To give you an idea of what companies risk without DNS threat prevention, I’ll only mention that, during this year, our solution blocked 417 million malicious domains – out of which 414339 were newly created.
Next-Gen AV and REP For the Win
When talking about malware hunting, a good antivirus is, naturally, a must. Heimdal™‘s Next-Gen AV combines both classic and innovative approaches to identify threats like ransomware, hidden backdoors, rootkits, brute-force attacks, and undetectable malware. It can be used in conjunction with the Threat Prevention module to provide all-around security, thanks to TTPC, a feature that allows the AV to quarantine processes that Threat Prevention flags as malicious.
The product uses four stages of detection to ensure detection of even the most complex threats: during stage 1, the suspicious files are compared to a locally stored database and are then scanned in stage 2 with the help of some clever machine-learning algorithms.
Stages three and four imply hidden backdoor scanning, listening in for malicious Command & Control connections, but also the execution of the files that appear suspicious in Heimdal™’s sandbox environment.
Only this year, our Next-Gen AV flagged out 493627 infections and 54476 suspicious files – the most dangerous threats we encountered were viruses (154734), trojans (102484), and worms (92501).
REP (Ransomware Encryption Protection), on the other hand, is one of our latest additions to the Heimdal™ portfolio and a formidable ally in the fight against one of today’s biggest cyber threats – it has already detected and blocked 5518 malicious processes from the beginning of the year.
How does it work? 100% signature-free, REP protects devices from ransomware-related encryption attempts, expanding the capabilities of typical antivirus software. Actually, it can be used in addition to any antivirus on the market, allowing you to prevent and defend your endpoints from any ransomware strain – already known or newly discovered.
REP continuously scans active processes, mapping out each process event and looking for encryption patterns in the background, and gathers details about the process command line arguments, the network connections (IP Address and Port), read/write operation count at the moment of detection, as well as the process tree from the suspicious process with trace-back to the root process.
The Threat Prevention, Next-Gen AV and REP modules can be used separately or combined within Heimdal™‘s EPDR service, according to one of 2021’s most important cybersecurity market trends: unification.
A Standalone Sandbox for Increased Accuracy
This product is still in development, but I can already tell you that it will be a terrific tool for anyone looking for a comprehensive malware analysis. The sandbox will be a system that simulates a user’s PC, allowing you to run malware safely, in a secure environment.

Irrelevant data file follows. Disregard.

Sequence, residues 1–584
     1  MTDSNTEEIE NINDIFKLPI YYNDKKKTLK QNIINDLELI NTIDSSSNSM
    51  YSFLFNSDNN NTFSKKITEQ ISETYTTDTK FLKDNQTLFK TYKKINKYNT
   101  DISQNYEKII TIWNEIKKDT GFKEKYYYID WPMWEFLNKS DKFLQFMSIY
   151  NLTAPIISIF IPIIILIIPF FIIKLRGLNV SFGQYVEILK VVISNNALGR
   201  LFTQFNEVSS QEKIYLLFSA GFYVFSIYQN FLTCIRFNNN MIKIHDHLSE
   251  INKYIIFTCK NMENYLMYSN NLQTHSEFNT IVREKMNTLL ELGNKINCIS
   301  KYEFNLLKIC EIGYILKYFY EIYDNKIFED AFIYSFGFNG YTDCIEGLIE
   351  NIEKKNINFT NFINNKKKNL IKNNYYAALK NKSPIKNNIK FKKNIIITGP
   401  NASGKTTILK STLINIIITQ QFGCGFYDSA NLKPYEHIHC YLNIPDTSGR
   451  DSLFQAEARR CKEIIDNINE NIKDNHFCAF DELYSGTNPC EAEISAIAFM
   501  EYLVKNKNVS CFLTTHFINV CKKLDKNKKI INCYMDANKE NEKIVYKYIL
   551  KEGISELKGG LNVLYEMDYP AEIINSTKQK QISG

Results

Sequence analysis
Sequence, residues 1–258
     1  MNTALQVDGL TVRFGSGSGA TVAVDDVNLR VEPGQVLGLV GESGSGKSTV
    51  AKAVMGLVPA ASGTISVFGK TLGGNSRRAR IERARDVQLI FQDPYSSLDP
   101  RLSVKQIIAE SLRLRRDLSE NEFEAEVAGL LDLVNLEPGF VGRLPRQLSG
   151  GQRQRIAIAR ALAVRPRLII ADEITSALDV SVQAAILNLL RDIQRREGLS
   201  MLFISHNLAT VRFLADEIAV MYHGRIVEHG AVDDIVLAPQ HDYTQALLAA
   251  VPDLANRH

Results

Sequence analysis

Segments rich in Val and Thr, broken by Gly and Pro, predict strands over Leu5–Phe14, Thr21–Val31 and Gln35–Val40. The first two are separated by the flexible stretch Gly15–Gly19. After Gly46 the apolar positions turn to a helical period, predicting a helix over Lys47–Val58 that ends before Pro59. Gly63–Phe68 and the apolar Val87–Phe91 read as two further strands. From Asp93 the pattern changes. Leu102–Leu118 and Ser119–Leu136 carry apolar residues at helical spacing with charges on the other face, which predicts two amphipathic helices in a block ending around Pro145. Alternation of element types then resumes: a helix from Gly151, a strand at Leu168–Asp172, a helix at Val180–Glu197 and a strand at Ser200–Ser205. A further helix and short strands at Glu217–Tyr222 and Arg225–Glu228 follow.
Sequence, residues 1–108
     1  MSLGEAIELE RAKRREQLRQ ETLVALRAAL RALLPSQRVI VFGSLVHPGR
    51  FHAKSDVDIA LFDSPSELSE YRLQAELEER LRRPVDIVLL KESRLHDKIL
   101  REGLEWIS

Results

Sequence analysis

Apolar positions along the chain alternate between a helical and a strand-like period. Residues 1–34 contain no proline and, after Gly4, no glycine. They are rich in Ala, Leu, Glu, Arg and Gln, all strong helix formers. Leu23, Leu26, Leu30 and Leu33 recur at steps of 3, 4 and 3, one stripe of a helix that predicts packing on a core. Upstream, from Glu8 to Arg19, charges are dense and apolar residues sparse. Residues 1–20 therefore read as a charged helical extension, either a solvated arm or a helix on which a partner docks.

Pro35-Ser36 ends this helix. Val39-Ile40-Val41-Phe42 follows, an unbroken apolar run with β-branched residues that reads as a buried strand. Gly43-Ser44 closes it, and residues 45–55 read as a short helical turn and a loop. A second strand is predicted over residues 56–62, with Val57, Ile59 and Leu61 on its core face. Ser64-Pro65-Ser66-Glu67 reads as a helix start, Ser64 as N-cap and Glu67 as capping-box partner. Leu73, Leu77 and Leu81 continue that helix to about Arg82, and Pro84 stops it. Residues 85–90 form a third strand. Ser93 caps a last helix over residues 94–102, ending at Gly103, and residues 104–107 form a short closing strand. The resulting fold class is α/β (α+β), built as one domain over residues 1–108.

It will have certain detection and interpretation capabilities, but it will function similarly to a virtual machine. When running a malware in the sandbox, you will get information related to statistics, spawned processes, HTTP/HTTPS connections and much more.
Enhanced Email Security
Email Security is a module that already assists our customers in proactively preventing even the most sophisticated email exploits that pose a threat to businesses by evading regular spam filters and antivirus solutions.
By acting as a man-in-the-middle between the Internet and a company’s email server (for inbound mail flow) or vice versa, Email Security safeguards both inbound and outbound mail flows and keeps all malicious emails out of our clients’ inbox, automatically removing attachments that contain malware, filtering emails coming from malicious IPs or domains, as well as those containing malicious URLs.
For example, from May until October, Email Security detected 5,609,641 spam emails, 203846 emails containing a virus, and 5946 emails with malicious attachments.
Very soon, our solution will be enhanced with a version of the sandbox I’ve mentioned above, that will act as an additional step in the malware hunting process. Email Security will automatically send the attachments in the mail flow to the sandbox, which will check for anything malicious.
What the Future Holds
Malware hunting is crucial for any company’s cybersecurity posture, and, thanks to the AI and ML technologies that gain more and more ground each day, will continue its evolution in what is already a fight against professionalized cybercriminals. Its benefits are simply undeniable: breaches and breach attempts decrease, smaller attack surface with limited attack vectors, swift incident response, increased accuracy and overall risk reduction.
If you’re still wondering whether threat / malware hunting would be a good addition to your company’s strategy or not, I’m only asking you this: would you go blindfolded to a battle? I certainly hope your answer is negative and I promise we’ll keep crafting our products so as to become your technology of choice in today’s – and tomorrow’s – ever-changing threatscape.